I am an Airbus admirer, but training departments are too influenced by Airbus marketing when it comes to the infallibility of the protections.
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Old 8th Jan 2015, 00:58
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Hi guys,

As a holder of only a VFR PPL, I am finding it interesting following this thread as I am always amazed at the type of weather that commercial airliners are prepared to navigate through. BUT, as we are all taught even in very basic MET theory, CB's can pack a very impressive punch.

Has anyone plotted the course of the aircraft (as we know it) over an overlay of detailed weather at the time of the accident including winds, temperatures, gradients by flight level?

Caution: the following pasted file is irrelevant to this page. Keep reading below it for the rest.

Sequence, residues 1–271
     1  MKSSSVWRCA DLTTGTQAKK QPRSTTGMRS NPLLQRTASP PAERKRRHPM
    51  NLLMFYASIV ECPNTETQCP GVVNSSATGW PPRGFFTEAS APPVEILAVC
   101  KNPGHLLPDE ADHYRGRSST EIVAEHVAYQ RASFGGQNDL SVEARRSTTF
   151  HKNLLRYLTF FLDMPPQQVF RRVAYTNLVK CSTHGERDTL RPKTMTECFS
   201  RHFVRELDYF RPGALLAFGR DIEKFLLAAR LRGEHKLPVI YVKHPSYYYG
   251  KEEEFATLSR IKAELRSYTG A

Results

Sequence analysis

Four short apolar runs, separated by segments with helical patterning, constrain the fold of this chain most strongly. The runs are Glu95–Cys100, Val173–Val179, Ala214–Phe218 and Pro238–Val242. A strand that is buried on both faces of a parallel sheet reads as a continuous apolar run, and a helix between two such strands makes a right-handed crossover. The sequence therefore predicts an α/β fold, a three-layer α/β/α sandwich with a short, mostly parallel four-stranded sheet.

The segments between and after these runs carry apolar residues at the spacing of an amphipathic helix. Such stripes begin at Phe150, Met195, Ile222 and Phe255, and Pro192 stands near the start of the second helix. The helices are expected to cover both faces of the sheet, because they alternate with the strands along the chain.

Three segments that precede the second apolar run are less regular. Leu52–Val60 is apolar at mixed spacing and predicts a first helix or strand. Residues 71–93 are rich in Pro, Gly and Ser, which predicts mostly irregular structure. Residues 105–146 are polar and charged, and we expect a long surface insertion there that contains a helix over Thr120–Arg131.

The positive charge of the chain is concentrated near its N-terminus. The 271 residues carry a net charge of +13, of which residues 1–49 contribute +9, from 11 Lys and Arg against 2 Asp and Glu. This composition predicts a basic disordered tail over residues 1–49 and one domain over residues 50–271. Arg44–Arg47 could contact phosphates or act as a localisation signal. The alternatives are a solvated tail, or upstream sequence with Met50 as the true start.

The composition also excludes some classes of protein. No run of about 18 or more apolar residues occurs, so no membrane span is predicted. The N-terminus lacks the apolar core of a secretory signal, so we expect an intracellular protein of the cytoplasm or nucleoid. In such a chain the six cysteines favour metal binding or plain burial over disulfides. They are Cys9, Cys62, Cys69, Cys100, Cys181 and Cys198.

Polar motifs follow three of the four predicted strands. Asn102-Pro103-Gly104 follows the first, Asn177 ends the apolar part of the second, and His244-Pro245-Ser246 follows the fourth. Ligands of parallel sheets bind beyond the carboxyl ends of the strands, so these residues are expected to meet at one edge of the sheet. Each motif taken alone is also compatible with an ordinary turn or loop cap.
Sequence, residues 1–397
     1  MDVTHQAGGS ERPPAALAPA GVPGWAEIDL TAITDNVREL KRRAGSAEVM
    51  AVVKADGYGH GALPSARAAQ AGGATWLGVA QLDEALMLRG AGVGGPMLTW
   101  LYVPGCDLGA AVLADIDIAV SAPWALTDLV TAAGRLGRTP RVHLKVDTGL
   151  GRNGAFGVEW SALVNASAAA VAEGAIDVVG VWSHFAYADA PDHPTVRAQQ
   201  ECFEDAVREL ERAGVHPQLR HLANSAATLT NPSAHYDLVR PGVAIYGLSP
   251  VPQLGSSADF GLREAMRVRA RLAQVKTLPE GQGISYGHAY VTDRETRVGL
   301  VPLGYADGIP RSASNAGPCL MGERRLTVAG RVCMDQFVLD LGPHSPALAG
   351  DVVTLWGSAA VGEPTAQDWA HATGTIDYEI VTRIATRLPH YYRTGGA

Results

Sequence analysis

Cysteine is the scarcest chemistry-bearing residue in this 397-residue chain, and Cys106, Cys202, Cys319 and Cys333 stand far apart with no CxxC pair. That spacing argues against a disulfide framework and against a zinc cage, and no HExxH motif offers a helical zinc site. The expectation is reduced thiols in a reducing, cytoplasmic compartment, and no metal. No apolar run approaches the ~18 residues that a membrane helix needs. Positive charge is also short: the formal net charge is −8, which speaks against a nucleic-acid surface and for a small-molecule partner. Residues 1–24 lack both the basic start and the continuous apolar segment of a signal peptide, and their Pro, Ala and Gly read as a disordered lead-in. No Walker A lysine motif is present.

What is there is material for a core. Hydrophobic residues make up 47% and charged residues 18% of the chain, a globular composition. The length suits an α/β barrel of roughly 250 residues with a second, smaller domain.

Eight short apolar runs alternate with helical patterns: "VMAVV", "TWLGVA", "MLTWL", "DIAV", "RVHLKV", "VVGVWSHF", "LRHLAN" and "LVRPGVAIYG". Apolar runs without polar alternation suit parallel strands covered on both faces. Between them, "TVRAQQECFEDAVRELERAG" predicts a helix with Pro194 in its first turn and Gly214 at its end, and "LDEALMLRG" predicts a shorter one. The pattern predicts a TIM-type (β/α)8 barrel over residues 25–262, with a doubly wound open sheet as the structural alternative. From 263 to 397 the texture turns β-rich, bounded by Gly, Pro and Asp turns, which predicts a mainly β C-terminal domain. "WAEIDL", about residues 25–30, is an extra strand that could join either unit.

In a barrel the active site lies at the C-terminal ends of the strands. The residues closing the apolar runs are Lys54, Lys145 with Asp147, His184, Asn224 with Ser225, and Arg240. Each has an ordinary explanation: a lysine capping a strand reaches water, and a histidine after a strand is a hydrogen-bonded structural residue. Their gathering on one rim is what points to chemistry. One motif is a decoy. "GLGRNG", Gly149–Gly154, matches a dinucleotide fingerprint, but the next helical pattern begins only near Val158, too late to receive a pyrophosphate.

In terms of specific commercial pilot training in terms of flying in CB's, what are the training parameters and recommendations for pilots in airlines today? due to tighter and tighter schedules, how have these parameters changed over the years?

Lastly, with all the traffic in the area, I have not seen any info related to comments from other pilots that flew in the area that day - obviously this will come out during the investigation - but this info could provide some clues onto potentially unusual weather in the CB's in the area at the time.

As this appears to be very much a weather related incident related to CB's, this could simply end up being a case of being at the wrong place at the wrong time with an unusual recovery (if it was possible) required for the pilots.